A Nonprofit’s Mission To Help Veterans Through Fishing
Project Healing Waters Fly Fishing has expanded its veteran services with a National Park Foundation grant.
While a retired U.S. Navy captain was undergoing cancer treatment atWalter Reed National Military Medical Center in 2005, all he wanted to do was go fishing. So, on weekends, Capt. Ed Nicholson would get his rod and his waders and go fly fishing. Then, he started to invite other veterans at the hospital to join him.
From this endeavor, Project Healing Waters Fly Fishing was born, with the mission of helping rehabilitate wounded veterans through unique outdoor programming. The organization now has more than 200 programs across the country to support active military service members and veterans through fly fishing and associated activities, including education and outings.
“It doesn't make any difference really what branch of service you come from,” Bill Campbell, the Virginia regional coordinator for Project Healing Waters Fly Fishing, told NowThis. “We don't care. You speak our language, and we speak yours, and we're all in this together to be on the healing journey.”
The nonprofit works to make the sport accessible even to veterans with disabilities. They work to demonstrate that a physical disability does not need to stop someone from enjoying outdoor activities. “I don't believe fly fishing is hard to learn,” Campbell said. “I believe it's like any sport. We give them a safe place where they can be themselves and where they can be distracted from all of that stuff. And then we let them focus on something that is healthy, that is constructive, and that occurs in beautiful, peaceful places.”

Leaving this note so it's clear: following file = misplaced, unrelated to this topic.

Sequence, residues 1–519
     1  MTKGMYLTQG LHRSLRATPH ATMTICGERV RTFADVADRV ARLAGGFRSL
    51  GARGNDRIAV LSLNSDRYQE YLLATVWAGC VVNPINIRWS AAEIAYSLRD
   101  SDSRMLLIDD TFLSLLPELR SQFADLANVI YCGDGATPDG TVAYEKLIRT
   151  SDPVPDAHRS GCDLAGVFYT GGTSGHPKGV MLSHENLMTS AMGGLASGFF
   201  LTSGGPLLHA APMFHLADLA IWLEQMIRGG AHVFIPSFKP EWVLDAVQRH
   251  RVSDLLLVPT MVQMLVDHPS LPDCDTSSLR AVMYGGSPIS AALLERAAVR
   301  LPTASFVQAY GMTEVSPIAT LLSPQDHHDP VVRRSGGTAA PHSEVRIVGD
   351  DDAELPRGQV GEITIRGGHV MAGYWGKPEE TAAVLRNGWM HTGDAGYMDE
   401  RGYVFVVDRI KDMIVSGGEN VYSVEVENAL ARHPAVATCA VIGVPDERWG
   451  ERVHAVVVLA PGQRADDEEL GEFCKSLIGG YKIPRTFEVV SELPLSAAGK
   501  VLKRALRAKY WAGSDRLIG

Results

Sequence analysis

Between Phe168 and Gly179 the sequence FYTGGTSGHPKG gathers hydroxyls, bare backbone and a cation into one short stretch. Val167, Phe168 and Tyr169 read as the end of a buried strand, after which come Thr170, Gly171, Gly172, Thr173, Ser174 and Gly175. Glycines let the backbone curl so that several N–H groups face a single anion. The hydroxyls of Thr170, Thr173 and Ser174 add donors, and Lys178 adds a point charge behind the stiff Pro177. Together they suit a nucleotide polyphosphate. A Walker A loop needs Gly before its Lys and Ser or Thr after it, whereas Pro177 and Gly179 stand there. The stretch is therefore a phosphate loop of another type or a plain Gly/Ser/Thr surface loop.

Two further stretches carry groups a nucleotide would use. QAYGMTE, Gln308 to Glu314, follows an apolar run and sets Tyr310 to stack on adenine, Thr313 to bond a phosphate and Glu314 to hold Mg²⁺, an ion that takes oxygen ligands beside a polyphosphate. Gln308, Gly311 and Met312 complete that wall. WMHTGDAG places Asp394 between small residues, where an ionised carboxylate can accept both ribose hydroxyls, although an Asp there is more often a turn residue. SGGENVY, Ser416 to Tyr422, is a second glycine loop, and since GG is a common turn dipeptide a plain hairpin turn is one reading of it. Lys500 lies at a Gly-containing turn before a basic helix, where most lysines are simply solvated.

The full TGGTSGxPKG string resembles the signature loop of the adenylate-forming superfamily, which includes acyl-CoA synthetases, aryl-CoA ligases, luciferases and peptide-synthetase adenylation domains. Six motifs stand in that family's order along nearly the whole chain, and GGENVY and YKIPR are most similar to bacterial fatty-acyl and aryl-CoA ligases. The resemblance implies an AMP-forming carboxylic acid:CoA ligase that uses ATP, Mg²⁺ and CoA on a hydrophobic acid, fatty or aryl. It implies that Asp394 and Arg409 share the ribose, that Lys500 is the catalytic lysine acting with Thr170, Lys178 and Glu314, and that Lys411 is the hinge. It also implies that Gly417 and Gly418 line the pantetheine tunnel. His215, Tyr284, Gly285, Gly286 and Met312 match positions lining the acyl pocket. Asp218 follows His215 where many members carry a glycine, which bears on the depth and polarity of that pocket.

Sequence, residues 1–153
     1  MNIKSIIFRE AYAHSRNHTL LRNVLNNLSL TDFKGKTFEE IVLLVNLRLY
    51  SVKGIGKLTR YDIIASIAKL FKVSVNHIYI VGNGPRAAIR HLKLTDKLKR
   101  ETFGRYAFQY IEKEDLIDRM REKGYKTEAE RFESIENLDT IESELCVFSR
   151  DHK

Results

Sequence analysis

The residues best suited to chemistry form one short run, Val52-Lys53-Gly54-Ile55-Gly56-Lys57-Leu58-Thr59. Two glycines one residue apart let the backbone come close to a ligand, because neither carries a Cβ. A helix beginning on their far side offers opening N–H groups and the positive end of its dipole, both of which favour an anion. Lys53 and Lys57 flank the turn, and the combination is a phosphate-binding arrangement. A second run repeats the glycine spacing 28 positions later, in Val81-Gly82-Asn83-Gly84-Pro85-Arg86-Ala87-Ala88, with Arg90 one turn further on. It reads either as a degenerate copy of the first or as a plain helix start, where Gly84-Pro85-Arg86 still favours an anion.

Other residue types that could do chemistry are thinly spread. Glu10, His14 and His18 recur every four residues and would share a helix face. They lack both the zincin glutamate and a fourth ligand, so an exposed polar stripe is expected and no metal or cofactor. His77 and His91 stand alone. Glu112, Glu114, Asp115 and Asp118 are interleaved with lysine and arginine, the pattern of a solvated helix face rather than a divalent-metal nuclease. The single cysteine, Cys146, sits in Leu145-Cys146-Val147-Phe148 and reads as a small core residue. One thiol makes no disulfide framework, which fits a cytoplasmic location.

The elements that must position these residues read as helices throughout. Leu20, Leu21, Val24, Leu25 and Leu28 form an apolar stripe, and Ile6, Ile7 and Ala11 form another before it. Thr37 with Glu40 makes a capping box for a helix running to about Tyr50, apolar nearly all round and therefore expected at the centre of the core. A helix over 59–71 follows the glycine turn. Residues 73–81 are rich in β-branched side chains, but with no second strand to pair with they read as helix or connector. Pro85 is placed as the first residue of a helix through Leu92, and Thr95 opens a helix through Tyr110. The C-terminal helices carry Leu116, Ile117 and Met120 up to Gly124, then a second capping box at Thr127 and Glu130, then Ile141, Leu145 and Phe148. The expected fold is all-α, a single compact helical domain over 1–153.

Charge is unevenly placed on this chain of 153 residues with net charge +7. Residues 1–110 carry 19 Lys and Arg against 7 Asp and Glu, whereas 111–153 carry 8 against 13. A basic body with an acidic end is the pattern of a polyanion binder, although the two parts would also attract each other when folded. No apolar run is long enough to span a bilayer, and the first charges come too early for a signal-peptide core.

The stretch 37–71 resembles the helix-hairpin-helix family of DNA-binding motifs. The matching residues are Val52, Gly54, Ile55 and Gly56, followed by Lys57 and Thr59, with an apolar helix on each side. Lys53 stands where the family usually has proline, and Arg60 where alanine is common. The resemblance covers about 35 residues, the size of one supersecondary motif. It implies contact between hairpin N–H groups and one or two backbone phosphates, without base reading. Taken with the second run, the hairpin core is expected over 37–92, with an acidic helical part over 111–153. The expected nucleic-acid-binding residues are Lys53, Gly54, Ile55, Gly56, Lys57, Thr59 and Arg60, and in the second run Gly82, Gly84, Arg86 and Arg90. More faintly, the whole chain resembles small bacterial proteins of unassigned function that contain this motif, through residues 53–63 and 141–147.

The programs Project Healing Waters Fly Fishing offers are much more than one-day fishing trips. One of the offerings Campbell said is most rewarding for the participants is rod building sessions. “There's nothing more rewarding than catching a fish on a rod they built with a fly they tied,” he said. “Tying flies and building rods requires some type of manual dexterity, and people who have limited upward mobility issues or who have some kind of just light mobility issues because of their service experience get to work on that manual dexterity as they tie flies and build rods. So it's therapeutic in that respect.”
Campbell’s chapter of the nonprofit has now teamed up with Shenandoah National Park in Virginia, which he says is one of the best places to fish for trout. Through a grant, he has now led two wild trout trips.
“Trout don't live in ugly places,” he said. “I've had guys go out saltwater fishing out in the Chesapeake Bay, and they'll get out in the water, and you can't see anything other than the Chesapeake Bay Bridge-Tunnel for miles, but they'll come back and say, ‘It was beautiful out there.’ Now, all they saw was water, but just to be out in the outdoors, to breathe fresh air and to be doing something healthy, felt good.”
Find out how you can help support the National Park Foundation during the Subaru Share the Love Event by visiting subaru.com/share.